Two of Greek filmmaker Yorgos Lanthimos’ most familiar hallmarks–stilted, robotic dialogue and emotionally detached violence–are largely absent in his latest film, the period thriller The Favourite. Gone along with them is the sense of surrealism that often looms over his most well-known works. While Dogtooth, The Lobster, and The Killing of a Sacred Deer employed all of these tactics, giving Lanthimos a love-it-or-hate-it auteurist sensibility, The Favourite manages to elevate his craft beyond a familiar bag of tricks and into something much more complex, funny, and satisfying without ever losing the director’s signature edge. This love (and hate) story is closer to Phantom Thread than it is to any of Lanthimos’ other films: subtle, yet still biting and whip-smart. Most important of all, it sees its character–especially the women–as people rather than props.
In the past, Lanthimos characters have often been people who do things, but rarely people who are anything. They’re so internal in their emotions and so absurd in their actions that above all else, they resemble metaphorical stand-ins performing theater of alienation. The couple in Killing of a Sacred Deer has stiff and strange sex to show that they’re stiff and strange people. In The Lobster, a couple bonds over their mutual myopia so we’ll know they’re desperate for companionship. These nearly-hollow characters are presumably intentional and often still impactful, but as written by Deborah Davis and Tony McNamara (this is Lanthimos’ first movie without a writing credit in over a decade) The Favourite is instead grounded by three realistic women with fully developed interiority. It isn’t that Lanthimos’ scripts were laced with misogyny, but rather that they purposely dealt in the bizarre surface level aspects of every character to cultivate the off-kilter vibe he’s known for. Freed from that detached structure, but complemented by his powerful direction, the results are stunning.
Moments that shock and memorably bizarre images abound in The Favourite, and every one of them contributes to a taut, gripping central dynamic between Queen Anne (Olivia Colman), Abigail (Emma Stone), and Sarah (Rachel Weisz). A nest of rabbits live as reminders of dead children; a woman dives from a carriage to avoid a predatory man; a feud is ended by a simple joke and a shared mud bath. Though its script is one of the best of the year, this movie also trades in the often unspoken language of women on the home-front, trying to thrive during a war in a world that would deem them either whores or ladies or nothing at all. They’re a triad of characters who put on dresses and sit in mesmerizing, gaudy castle rooms and play the role of court women like their lives depend on it: Sarah performs strength, Abigail performs confidence, and Anne performs authority–to varying degrees of success.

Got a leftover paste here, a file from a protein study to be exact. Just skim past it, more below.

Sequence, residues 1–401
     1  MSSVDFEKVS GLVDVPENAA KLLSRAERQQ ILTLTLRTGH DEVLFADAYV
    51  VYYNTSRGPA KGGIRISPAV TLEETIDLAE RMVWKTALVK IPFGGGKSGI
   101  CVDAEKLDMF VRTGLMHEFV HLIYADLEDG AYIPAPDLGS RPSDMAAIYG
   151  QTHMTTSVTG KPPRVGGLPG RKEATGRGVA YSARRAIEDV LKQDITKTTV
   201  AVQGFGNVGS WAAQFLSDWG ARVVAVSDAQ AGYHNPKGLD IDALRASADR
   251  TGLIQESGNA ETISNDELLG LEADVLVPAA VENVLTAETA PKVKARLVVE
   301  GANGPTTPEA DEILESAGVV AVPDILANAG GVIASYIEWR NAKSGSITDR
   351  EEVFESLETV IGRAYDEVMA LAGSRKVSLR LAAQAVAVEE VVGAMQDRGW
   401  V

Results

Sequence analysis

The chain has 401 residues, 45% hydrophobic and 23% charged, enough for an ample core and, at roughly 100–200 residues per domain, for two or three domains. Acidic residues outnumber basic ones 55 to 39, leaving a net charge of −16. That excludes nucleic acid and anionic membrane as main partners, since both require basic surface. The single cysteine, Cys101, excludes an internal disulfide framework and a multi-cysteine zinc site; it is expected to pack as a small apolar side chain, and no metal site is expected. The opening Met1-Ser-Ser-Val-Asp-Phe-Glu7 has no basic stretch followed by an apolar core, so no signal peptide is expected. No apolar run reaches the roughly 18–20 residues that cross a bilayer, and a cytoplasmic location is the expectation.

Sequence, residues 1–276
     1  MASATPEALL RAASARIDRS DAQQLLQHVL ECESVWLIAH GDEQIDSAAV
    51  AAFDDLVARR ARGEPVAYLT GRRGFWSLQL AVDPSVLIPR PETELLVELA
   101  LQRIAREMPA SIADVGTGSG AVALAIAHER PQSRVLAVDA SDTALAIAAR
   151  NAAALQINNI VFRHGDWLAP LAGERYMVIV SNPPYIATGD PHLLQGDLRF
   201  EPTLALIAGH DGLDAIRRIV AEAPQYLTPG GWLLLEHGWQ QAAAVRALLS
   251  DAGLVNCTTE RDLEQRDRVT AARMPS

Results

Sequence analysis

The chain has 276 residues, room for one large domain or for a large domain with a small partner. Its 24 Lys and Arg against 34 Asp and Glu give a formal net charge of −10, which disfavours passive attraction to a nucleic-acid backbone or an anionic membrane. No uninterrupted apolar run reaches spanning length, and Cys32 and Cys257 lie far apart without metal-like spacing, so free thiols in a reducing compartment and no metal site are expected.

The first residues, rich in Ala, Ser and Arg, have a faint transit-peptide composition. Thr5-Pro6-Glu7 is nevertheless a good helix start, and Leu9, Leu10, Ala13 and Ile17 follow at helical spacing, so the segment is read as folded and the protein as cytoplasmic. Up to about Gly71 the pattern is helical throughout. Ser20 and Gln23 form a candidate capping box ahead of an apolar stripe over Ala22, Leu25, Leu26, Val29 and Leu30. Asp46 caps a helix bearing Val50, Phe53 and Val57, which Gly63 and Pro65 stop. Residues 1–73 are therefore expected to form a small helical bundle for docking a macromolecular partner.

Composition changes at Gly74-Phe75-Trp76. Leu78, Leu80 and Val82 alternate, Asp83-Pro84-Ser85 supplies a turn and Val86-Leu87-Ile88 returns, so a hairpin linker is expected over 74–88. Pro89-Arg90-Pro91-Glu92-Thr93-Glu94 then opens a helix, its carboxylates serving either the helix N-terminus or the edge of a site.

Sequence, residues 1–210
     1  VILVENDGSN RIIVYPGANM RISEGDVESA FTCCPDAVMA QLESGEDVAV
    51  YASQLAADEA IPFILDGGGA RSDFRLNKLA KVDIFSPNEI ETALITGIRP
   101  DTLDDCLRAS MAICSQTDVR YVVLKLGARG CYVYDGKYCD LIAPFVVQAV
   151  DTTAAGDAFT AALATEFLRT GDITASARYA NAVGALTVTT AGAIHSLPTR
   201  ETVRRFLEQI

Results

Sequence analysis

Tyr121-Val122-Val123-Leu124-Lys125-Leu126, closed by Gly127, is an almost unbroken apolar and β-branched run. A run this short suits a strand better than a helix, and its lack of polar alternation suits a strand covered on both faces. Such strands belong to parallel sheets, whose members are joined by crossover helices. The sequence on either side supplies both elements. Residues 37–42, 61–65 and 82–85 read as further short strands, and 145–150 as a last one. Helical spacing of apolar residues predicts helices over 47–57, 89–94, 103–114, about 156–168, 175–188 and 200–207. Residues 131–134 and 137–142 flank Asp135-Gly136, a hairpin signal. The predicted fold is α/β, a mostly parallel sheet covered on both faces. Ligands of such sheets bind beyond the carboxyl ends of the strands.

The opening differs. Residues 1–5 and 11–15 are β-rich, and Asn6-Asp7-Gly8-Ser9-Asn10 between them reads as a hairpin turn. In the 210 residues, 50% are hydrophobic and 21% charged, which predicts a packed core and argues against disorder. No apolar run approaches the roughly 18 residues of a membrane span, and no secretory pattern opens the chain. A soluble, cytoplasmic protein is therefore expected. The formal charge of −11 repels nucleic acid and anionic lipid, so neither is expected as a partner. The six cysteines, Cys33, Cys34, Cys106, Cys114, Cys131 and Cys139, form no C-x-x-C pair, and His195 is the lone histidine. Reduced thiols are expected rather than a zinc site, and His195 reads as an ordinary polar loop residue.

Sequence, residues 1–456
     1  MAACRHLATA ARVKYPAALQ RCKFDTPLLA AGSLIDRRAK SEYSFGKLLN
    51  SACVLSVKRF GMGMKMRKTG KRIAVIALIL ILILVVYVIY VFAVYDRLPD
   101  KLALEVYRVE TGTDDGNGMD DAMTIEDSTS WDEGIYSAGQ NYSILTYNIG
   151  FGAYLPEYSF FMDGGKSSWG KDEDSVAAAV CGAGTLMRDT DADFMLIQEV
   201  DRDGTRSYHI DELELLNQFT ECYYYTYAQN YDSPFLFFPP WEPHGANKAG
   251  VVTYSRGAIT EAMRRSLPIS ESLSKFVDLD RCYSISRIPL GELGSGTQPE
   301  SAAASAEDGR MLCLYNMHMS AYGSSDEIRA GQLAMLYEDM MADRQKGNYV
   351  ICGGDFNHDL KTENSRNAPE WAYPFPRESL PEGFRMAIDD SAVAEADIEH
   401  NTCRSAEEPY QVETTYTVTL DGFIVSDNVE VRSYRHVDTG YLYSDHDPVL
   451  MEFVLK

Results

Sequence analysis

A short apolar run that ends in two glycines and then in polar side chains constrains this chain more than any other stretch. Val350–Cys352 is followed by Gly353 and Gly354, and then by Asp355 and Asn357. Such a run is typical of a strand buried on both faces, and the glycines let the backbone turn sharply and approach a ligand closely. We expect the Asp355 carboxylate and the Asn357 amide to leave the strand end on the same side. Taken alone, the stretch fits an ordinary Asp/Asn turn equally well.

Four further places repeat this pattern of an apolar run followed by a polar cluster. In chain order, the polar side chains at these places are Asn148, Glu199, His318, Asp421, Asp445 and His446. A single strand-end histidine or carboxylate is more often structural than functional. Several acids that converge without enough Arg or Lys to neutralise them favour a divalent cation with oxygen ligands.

What could have been a simple wheel of fortune period piece becomes a story of the tangled web of friendship, love, hate, impulse, and power that develops among the three, and Lanthimos’ usual narrative distance is replaced by genuine intimacy. Moments of warmth develop, and though they’re often followed by unpleasant jolts–a knee to the groin, lye burning on skin, a foot pressed slowly into the back of an animal–the overall tone is not one of discomfort or unease (as is usually the case with Lanthimos’ work), but of deeply felt yearning. The camera doesn’t linger on violence and often doesn’t show it at all, opting instead to follow the faces and bodies which hunger. These women want. These women are.
Lanthimos’ luxurious direction, which employs gorgeous slow-motion, a mix of elegant string music and plain human background noises, and delicate character framing, makes the spotless script sing. So do the three actresses, of which only Stone is a newcomer to the director. All three imbue their roles as women who are often vicious with a hidden softness that makes them impossible to thoroughly hate. A single unadorned close-up shot of Olivia Colman’s face shows Queen Anne move through simple happiness to vacantness to unignorable despair. Her Majesty is an unforgettable character, an adult woman who is incapable of controlling any impulse or emotion, who loves her subjects but is scared to know them in case she discovers that they hate her. She’s preening, funny, demanding, babyish, and deeply self-conscious, yet she’s at her core a gentle spirit without the tenacity required for a successful ruler.
Sarah and Abigail are both more duplicitous than their queen, and their endless tete-a-tete takes up the majority of the film. Sarah gets a thrill from piling on verbal cruelties, while behind closed doors she pushes the war movement forward. Abigail hopes to gain favor to re-establish herself as a lady, though she’s quickly sidetracked by her desire to best Sarah. In another film with another script, these two would be unbearable, but their actions are informed by a world that’s been cruel to them too, and that context keeps them from becoming outright villains. “There’s always a price to pay,” Sarah tells Abigail when she learns her husband will be on the front lines of battle. “I guess all the rapes were the hardest,” Sarah tells Queen Anne in a brief sequence, and we see that she’s simultaneously shrugged off and internalized the violence done to her.
The Favourite is full of short scenes that draw the eye and, when pieced together into a larger portrait, cut deep. The film is Lanthimos at his most refined, playing to his strengths and allowing other talents to shine equally. Compared to the unreal inhabitants of his past works–and even standing on their own merits–these three women are a complete revelation.